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Her Violin Sings and Heals

Fourteen-year-old Keila Wakao
Fourteen-year-old Keila Wakao is a junior competitor in Menuhin Competition Richmond. She plays on a 100-year-old French instrument in which she tries to replicate the human voice. (Photo: Kevin O’Connell)

“I always feel like the violin is almost like a replica of the human voice. And I really like singing. So I thought that I could bring that into the violin.”

Fourteen-year old Boston native Keila Wakao gave her first solo performance at the age of nine with the Metrowest Symphony Orchestra. She has played in numerous recitals and competitions in the US, Europe and Japan. Wakao was also the youngest participant in the Perlman Music program in 2018 and 2019.

“When I got my first real violin, I remember I thought it was so big. But when I think about it, it was really, really tiny. And I just loved making music out of this tiny violin,” said Wakao, who started violin at the age of three.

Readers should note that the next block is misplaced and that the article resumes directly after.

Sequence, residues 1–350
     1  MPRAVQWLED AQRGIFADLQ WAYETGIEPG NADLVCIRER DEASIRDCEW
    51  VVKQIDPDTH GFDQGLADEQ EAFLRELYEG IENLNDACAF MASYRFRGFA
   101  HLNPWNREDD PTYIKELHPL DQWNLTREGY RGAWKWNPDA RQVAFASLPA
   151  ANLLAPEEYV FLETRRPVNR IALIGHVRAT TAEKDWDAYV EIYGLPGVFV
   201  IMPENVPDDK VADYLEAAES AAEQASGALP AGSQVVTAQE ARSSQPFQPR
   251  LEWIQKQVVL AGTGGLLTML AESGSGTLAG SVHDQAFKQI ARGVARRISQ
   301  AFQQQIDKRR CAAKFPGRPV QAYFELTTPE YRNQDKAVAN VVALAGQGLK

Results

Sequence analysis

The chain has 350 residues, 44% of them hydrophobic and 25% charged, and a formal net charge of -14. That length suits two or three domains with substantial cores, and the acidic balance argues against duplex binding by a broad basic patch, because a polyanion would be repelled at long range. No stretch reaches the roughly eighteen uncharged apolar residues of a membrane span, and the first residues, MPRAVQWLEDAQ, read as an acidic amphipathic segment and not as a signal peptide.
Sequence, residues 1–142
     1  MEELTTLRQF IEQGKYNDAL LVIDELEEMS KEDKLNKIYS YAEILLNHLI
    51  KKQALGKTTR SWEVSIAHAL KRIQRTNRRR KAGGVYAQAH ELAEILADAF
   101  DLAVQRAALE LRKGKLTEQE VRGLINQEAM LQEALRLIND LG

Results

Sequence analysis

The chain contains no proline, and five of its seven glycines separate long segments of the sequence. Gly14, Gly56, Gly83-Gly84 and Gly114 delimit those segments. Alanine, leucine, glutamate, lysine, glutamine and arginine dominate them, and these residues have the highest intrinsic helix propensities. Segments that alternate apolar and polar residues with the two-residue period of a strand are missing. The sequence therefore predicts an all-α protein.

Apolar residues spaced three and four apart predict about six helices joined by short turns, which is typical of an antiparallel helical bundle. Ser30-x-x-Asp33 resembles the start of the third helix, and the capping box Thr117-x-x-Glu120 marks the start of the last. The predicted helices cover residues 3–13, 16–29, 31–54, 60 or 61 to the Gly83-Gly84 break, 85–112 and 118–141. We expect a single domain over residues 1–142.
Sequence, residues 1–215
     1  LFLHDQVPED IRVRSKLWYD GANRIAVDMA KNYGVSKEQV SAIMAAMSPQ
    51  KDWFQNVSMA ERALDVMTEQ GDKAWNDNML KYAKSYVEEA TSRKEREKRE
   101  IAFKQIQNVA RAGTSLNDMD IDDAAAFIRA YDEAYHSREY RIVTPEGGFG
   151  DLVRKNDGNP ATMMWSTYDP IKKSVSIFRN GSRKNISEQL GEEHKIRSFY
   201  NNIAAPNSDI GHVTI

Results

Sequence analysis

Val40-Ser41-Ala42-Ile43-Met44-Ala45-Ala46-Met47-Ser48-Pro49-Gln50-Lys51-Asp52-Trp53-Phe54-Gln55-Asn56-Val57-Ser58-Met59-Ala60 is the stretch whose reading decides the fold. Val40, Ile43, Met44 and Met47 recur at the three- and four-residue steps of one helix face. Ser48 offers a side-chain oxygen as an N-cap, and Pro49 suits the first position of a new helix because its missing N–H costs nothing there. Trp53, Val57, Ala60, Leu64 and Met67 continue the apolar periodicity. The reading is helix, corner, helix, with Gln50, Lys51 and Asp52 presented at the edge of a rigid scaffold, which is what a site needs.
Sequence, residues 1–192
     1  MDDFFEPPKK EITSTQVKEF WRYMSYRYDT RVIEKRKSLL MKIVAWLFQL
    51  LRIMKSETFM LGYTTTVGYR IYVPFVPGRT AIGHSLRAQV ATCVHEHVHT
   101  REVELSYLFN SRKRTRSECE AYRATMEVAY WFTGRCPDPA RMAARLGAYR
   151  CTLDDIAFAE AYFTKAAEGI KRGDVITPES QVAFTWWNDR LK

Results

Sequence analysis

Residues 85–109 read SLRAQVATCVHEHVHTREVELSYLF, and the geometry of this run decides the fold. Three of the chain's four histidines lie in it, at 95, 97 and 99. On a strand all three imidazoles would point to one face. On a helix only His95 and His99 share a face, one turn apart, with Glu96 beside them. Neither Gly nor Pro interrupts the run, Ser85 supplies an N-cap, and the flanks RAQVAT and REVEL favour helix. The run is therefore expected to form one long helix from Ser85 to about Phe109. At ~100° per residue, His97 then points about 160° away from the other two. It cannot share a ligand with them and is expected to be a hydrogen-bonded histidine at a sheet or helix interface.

Keila Wakao takes inspiration from her parents; her mom plays the piano and her father Keisuke Wakaois assistant principal oboist with the Boston Symphony Orchestra and principal oboist of the Boston Pops Orchestra.

When her father was diagnosed with cancer, Wakao used her talents to provide emotional support to her family.

“I feel like music really helped us cope through this experience,” said Wakao. “My music was more deep in a way and passionate.”

Keila Wakao is a junior competitor in the Menuhin Competition Richmond 2021. She currently studies with Donald Weilerstein and Soovin Kim from the New England Conservatory of Music.


Keila Wakao is a junior competitor in Menuhin Competition Richmond 2021.

Credits: Kevin O’Connell recorded the interview with Keila in Chestnut Hill, Massachusetts. The episode was produced by Ian Stewart, and edited by managing producer Peter Solomon and executive producer Catherine Komp. If you liked what you heard, please rate and review Making Menuhin in your favorite podcast player.

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